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Hkepuck

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  • Types/Levels of Baseball called
    High School
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  1. 2018 NFHS Exam

    Come on now - there's a big difference between using the ground vs using your coach to help stop yourself. No, I'm not a newer official, thank you. My point is still this: The rule book and case book are unclear and very brief. Neither say "intentional" in the few times they cover this, at least that I've seen. I said there are probably deeper interp books that explain this better, which is what I'm looking for here. We've covered that if it's accidental, truly accidental, let it go. But what is the definition of assisting the runner? Must it be intentional? Furthermore, can a baserunner use the coach as a device to intentionally stop himself? I also disagree that it has to be a BIG for it (or anything weird) to be called, depending on the circumstance. But, I get your point - see my other example above, I've not called the "ball" on a start/stop with no one on. So I get it. That being said, I see too many officials let the "big/weird" call go because they are afraid to make it. Say a running lane violation, a balk, an illegal slide, a batter's interference, a guy bunting while out of the box, etc. There are officials I work with that would never, ever call a guy out for contacting the ball on a bunt or swing outside the box. Not worth it to them to have to stop play, call and out, and explain what they have. But is that right? To me, no, but that's just one man's opinion. I don't really care whether something is forgotten about in a week or never forgotten - make the call you think should be made, don't ignore it because it's a weird/tough call/controversial. That line is different for everyone. Not making a call is making a call. I called this interference a couple years ago when there was a guy on 2nd, a throw from 2nd to 1st on the BR on which the runner advanced from 2nd, and after touching 3rd, took an aggressive round. 1B pumped a throw to 3rd seeing he was a bit out there, and as he did this, the 3rd base coach stuck out his arm to kind of catch him/stop momentum (perhaps a slight push/lead back) back to 3rd. I called the out. I'm not sure that the runner knew a throw might be coming, but the coach saw it, and basically helped lead the guy back to 3rd by using more than just words.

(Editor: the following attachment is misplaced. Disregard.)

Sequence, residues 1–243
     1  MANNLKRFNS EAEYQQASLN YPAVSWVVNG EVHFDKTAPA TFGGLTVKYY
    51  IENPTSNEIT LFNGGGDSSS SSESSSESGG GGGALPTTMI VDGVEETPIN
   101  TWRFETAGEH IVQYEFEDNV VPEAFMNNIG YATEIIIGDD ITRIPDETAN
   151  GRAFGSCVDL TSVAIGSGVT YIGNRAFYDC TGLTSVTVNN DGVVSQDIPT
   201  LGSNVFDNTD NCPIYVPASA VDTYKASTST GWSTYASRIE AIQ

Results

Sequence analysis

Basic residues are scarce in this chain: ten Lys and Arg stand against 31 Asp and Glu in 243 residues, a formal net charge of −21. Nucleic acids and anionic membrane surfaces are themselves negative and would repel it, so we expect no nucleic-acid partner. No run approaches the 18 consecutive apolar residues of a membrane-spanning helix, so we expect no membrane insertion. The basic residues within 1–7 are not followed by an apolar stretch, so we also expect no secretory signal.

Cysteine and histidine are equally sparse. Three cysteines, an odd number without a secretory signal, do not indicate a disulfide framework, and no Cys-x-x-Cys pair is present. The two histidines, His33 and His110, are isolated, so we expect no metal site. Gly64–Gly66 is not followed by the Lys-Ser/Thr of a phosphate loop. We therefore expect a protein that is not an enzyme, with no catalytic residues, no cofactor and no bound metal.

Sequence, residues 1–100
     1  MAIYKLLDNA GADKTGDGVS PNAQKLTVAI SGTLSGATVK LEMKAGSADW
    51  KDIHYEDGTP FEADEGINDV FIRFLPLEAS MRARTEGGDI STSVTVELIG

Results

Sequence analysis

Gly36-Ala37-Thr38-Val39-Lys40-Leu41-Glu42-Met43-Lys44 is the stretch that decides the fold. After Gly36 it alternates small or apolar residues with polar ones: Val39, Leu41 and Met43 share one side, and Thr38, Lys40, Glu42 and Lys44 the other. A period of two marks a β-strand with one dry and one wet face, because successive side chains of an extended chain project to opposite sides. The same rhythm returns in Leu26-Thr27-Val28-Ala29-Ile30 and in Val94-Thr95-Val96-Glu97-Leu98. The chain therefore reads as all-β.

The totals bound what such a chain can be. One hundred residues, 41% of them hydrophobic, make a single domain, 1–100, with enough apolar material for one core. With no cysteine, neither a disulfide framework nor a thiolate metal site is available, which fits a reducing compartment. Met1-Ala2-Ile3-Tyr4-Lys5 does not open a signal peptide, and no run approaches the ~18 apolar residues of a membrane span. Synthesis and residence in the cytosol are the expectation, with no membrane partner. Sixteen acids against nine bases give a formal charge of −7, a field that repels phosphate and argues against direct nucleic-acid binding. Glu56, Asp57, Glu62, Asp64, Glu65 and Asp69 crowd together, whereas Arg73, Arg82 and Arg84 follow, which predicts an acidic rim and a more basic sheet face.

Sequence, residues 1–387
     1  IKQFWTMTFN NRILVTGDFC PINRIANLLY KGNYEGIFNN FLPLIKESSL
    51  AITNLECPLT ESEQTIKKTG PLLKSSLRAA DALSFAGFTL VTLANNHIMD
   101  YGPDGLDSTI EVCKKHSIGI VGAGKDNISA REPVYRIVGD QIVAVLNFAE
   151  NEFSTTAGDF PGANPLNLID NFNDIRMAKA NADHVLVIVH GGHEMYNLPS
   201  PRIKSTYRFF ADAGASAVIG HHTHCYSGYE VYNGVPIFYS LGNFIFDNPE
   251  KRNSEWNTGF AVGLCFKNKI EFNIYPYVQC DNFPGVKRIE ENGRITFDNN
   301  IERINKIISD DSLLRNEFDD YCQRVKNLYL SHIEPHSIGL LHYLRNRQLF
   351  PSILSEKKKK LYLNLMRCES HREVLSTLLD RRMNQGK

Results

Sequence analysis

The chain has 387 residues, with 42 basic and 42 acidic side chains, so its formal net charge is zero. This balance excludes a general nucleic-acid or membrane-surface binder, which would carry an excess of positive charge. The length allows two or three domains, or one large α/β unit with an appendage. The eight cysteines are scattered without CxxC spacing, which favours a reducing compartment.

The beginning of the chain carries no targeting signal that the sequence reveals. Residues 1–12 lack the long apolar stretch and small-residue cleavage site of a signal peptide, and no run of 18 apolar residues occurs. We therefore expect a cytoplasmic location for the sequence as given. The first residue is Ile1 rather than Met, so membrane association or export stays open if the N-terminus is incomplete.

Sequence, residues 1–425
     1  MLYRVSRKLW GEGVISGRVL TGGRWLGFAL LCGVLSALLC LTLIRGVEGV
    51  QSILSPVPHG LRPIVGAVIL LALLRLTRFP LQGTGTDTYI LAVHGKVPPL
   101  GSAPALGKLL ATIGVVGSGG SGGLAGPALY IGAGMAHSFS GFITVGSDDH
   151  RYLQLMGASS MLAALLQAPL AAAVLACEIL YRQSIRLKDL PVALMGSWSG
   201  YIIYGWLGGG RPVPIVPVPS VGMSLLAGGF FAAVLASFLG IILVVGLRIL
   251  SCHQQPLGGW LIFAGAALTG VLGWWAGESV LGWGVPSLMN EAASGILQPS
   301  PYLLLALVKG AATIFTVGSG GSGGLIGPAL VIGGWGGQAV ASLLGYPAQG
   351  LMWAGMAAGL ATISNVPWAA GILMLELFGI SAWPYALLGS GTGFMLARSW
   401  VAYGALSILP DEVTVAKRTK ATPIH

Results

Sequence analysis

2. 2018 NFHS Exam

    In looking at the rule book and the case book, I can't find where it says "intentional" anywhere. Just "assistance." I think that's a big sticking point here. It might be in an interp book I don't have, though - and that's why I brought it up here - I am looking for more clarity. Or are we supposed to infer that "assistance" means "intentional"? I would argue that you could easily "unintentionally assist" a runner. To me, my second example is clearly assisting him and helped the runner gain an unfair advantage. Intentional? Perhaps not. So if it's accidental, let it go. What if it's not accidental on the player's part? Let's say the coach stands still, hoping not to get in the way of his runner. Even throws his hands up. The runner uses his coach to help stop his momentum (say he grabs on to his waist as he goes slightly past him) and/or pushes back off his coach to help him get back towards the base. The coach didn't intentionally assist the runner, but the player intentionally used the coach to gain an advantage. By the definition of "not clearly an intentional attempt to help a runner advance or return by touching him," this wouldn't be assisting a runner and an out...which doesn't seem right, but maybe it is. I think the question is bad but the rule book/case book don't help much here.